c. To keep sorrow from becoming despair we must encourage ourselves with the fact that for
someone who truly knows the Lord, all loss is temporary. There is some recompense in this life,
but the bulk of restoration is in the life to come. When we learn to see things the way they really
are it gives us hope in the midst of the pain of the loss. II Cor 4:17,18
5. This is consistent with what Jesus said about the relationship between sorrow and knowledge of what is
ahead. The expectation of coming good sustains us in the midst of loss and the sorrow it engenders.
a. John 16:6–The night before His crucifixion Jesus told His disciples He was leaving them. That
news stimulated the emotion of sorrow (grief, heaviness) in them.
1. But Jesus encouraged them with the fact that their sorrow would be turned to joy because this
would be a temporary separation. He would die and be raised from the dead. Then He would
return to Heaven but return to earth one day to set up His eternal kingdom.
2. Jesus compared the process of dealing with their sorrow to how women deal with the pain of
childbearing. v16:20-22–Knowledge of what is ahead (the birth of the baby) sustains them in
the midst of the pain.
b. The expectation of coming good sustained Jesus on the Cross. For the joy set before Him He
endured the Cross, seeing the end result. Heb 12:2–For he himself endured a cross and thought
nothing of its shame because of the joy he knew would follow his suffering; and he is now seated
at the right hand of God’s throne. (Phillips)
1. Job lived in the days of Abraham, Isaac, and Jacob. He experience great calamity and loss in his life.
None of it was from God or “permitted” by God. It was simply life in a sin cursed earth. That’s
another lesson for another day. Note these points in connection with our present discussion.
a. Although he knew his body would die and disintegrate in the ground, he knew he would one day
again stand on this earth in his body with his Redeemer. Job 19:25,26
b. Job’s story is one of redemption. God delivered him from captivity and restored to him what he
lost over and above what he lost. God gave Job double. Job 42:10,12; 1:2,3
1. Job lost all his children when they were killed in a house collapsed by a wind storm. Yet he
only had ten more children in this life. How is that double?
2. Because some restoration came to him in this life and some in the life to come. Job had ten
children in addition to the ones in Heaven, temporarily gone from him but not lost forever.
2. Jesus’ original disciples left all to follow Him — families, homes, careers. All of them faced great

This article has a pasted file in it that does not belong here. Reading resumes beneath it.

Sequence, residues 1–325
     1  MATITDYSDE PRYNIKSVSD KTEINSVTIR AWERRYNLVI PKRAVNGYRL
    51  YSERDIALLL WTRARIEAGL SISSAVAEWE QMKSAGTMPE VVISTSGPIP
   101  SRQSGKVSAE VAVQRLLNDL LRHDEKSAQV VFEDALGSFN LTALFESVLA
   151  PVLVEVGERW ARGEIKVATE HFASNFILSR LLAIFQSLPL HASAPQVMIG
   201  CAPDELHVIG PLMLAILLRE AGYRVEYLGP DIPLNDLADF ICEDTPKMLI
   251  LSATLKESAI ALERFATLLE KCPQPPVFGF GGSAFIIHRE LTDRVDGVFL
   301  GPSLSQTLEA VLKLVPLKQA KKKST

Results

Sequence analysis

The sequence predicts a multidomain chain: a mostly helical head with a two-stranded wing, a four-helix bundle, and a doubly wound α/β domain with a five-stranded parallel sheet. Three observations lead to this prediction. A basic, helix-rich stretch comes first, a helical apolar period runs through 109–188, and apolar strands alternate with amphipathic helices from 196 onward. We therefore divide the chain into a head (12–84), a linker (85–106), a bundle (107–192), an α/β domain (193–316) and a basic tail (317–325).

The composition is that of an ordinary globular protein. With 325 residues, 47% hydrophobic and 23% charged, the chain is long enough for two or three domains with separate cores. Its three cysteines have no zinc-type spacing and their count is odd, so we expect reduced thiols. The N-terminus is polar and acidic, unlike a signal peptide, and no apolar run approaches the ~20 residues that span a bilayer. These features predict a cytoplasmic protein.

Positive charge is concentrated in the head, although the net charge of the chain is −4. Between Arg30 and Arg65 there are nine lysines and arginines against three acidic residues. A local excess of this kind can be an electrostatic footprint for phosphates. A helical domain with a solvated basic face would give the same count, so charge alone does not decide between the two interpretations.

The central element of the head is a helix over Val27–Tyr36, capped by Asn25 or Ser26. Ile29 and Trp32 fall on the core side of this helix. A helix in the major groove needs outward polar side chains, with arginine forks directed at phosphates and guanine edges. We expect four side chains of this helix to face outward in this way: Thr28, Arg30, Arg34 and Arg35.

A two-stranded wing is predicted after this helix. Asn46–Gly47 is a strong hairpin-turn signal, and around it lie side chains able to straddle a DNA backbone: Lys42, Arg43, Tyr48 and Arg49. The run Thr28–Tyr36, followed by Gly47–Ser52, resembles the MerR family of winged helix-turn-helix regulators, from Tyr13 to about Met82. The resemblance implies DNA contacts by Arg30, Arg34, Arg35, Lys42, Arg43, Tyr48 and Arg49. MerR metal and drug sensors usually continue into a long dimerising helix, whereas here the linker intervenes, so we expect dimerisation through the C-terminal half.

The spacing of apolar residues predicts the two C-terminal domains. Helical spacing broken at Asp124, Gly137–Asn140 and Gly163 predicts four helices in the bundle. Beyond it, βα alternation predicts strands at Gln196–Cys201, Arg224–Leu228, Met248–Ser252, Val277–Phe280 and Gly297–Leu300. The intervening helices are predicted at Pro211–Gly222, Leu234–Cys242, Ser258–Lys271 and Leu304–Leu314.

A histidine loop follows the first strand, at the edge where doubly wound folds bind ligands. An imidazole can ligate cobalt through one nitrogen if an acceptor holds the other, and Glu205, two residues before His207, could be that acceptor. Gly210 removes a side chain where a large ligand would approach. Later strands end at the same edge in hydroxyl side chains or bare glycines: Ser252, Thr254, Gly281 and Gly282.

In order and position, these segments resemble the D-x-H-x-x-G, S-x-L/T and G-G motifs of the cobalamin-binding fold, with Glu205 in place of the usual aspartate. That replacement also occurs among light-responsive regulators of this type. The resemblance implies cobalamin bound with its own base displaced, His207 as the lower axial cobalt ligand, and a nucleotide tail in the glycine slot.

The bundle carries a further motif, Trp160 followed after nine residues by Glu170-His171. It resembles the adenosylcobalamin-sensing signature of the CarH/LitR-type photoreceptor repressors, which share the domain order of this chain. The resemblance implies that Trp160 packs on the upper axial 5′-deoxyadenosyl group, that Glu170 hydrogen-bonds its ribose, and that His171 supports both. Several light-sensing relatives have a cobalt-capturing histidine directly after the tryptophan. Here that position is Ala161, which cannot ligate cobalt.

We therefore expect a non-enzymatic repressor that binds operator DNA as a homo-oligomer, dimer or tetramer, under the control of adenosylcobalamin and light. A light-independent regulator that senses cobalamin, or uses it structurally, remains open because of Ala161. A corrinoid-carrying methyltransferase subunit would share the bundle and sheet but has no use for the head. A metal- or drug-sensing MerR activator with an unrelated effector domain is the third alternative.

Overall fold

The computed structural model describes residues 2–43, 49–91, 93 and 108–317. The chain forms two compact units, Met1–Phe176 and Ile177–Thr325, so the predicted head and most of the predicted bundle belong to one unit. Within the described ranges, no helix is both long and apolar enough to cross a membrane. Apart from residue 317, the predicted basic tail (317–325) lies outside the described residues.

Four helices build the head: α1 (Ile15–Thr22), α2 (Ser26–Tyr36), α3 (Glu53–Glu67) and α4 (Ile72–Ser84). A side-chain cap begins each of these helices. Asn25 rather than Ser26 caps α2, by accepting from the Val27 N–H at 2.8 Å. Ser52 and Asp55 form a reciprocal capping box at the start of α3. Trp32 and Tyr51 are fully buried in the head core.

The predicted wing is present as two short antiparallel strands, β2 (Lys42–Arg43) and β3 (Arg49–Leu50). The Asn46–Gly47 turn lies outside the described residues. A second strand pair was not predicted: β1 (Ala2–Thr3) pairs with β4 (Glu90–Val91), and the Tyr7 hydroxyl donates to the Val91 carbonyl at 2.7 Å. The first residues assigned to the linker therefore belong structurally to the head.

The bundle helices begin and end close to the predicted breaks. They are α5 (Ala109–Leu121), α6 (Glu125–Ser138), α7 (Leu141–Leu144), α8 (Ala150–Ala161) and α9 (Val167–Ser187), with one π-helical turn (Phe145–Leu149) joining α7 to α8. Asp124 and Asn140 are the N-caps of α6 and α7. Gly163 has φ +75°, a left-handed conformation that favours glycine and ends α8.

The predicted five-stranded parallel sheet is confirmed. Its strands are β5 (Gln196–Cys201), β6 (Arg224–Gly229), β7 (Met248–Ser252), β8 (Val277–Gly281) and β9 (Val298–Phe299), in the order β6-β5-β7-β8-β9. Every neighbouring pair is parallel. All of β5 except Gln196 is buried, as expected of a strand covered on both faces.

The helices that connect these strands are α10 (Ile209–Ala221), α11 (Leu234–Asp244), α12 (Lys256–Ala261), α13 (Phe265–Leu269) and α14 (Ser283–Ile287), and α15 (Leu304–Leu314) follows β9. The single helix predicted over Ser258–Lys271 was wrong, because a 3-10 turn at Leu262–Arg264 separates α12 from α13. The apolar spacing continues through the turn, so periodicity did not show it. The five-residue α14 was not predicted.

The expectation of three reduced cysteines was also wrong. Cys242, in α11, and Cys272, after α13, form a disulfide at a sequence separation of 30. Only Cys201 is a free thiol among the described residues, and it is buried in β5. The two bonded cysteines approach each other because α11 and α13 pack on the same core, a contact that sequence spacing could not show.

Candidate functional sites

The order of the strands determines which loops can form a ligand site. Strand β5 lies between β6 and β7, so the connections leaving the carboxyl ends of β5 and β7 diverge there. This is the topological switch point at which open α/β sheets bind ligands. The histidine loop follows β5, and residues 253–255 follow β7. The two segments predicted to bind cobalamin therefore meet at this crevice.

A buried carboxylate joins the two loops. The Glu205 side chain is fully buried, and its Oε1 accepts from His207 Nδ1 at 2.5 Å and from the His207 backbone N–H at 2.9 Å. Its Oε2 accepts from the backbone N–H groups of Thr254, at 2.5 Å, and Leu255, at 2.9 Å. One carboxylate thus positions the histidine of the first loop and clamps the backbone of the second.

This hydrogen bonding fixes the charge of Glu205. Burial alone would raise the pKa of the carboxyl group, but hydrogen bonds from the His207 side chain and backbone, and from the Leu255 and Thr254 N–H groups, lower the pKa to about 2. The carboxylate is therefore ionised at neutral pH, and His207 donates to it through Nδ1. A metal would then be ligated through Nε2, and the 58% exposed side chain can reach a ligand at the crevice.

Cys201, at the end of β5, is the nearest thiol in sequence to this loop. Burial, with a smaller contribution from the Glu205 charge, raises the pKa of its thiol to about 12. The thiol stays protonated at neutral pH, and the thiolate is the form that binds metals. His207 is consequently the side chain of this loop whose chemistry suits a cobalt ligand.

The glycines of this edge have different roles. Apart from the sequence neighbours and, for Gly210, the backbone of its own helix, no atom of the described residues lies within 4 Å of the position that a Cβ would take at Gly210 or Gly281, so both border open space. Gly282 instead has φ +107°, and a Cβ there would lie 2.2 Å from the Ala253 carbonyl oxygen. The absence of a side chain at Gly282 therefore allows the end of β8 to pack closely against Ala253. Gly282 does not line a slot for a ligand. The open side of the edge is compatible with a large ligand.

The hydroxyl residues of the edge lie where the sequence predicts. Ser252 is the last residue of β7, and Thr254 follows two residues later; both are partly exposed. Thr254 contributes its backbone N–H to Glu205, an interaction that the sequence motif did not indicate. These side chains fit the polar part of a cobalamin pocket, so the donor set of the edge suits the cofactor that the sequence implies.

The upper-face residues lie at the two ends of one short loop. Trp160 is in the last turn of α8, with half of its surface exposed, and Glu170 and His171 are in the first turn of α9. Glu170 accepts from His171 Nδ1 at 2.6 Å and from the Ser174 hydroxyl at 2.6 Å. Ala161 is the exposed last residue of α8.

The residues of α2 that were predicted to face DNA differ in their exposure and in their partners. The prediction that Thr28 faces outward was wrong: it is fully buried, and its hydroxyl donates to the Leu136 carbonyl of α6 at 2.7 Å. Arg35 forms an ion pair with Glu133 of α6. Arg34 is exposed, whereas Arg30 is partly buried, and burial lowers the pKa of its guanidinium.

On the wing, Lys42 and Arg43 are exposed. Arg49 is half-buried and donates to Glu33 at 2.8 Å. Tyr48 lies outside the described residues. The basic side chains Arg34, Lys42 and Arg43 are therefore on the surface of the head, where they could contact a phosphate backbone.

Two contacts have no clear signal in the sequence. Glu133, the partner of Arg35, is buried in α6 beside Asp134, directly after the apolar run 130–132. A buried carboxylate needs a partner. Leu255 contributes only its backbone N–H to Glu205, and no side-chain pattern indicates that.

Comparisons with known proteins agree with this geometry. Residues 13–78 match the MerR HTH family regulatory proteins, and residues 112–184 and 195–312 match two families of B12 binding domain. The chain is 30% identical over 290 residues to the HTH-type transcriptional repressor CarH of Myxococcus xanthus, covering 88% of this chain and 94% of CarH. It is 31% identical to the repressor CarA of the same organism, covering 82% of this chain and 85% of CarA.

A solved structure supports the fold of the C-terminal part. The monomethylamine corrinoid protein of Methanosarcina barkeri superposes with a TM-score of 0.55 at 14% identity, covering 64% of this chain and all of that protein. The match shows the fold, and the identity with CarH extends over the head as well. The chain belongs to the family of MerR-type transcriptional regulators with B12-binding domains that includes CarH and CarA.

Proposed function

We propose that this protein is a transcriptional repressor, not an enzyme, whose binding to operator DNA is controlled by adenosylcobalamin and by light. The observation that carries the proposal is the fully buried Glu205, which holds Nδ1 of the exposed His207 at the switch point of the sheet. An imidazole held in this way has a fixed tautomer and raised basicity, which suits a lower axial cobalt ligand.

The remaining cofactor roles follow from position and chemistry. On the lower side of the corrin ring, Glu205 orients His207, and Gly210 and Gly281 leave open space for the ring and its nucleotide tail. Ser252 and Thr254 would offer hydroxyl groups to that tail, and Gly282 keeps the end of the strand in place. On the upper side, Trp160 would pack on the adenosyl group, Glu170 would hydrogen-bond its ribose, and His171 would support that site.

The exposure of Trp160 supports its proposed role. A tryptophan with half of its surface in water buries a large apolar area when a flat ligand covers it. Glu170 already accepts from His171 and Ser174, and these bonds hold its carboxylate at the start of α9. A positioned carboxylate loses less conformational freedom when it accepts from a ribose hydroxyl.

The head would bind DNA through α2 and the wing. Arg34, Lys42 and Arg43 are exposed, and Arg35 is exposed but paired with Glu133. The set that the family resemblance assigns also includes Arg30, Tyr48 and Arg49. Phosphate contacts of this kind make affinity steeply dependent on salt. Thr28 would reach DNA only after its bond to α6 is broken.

persecution and all but one was martyred for his faith.
a. Matt 19:27–When Peter asked Jesus what reward they would receive for what they had given up
Jesus told them that they would get back all that they lost in the life to come.
b. v28,29–You’ll have positions of honor and get back over and above what you gave: shall be
many times repaid (Rieu); refunded a hundred times (Berkeley);
1. They knew from the writings of the prophets that the Lord will one day establish His visible,
eternal kingdom on the new earth — this earth renewed, regenerated, restored.
2. Not only would they get back what they gave up they would have everlasting life — unending
life on this earth. No more loss! Dan 2:44; 7:27; etc.
3. Heb 10:34–Paul wrote about some people who took joyfully the loss of their material possessions due
a. Joyfully, in the Greek, is the same word Paul used when he referred to himself as being sorrowful
yet rejoicing. It means “cheer” full. Heb 10:34–You bore cheerfully (Heb 10:34, Amp).
b. Remember, this isn’t a feeling. It is a state of being. This word has a preposition on it that means
in the midst. In the midst of loss which no doubt caused them real pain they rejoiced.
1. Why? Because they had hope. They knew that there is more to life than just this life. They
knew that what they lost would be restored in Heaven and it could never be taken from them.
2. v34–(in heaven) you personally have (Berkeley) a better property and one which you will
keep for ever (Basic).
4. Paul established the church at Thessalonica. He had to leave after three weeks when persecution broke
out. He’d had time to tell them Jesus was soon returning to earth (I Thess 1:9,10). But the people had
concerns about loved ones who died before Jesus’ return and Paul wrote to answer their concerns.
a. We weren’t meant to lose people we love. Death is an enemy, the last enemy to be put under foot
(I Cor 15:26). Death is a painful separation that activates real sorrow and grief.
1. Note how Paul answered those who had lost loved ones to death. He told them: We are not
hopeless in our sorrow. I Thess 4:13
2. Prov 14:32–The wicked is thrust down in his misfortune. But the righteous, even when he is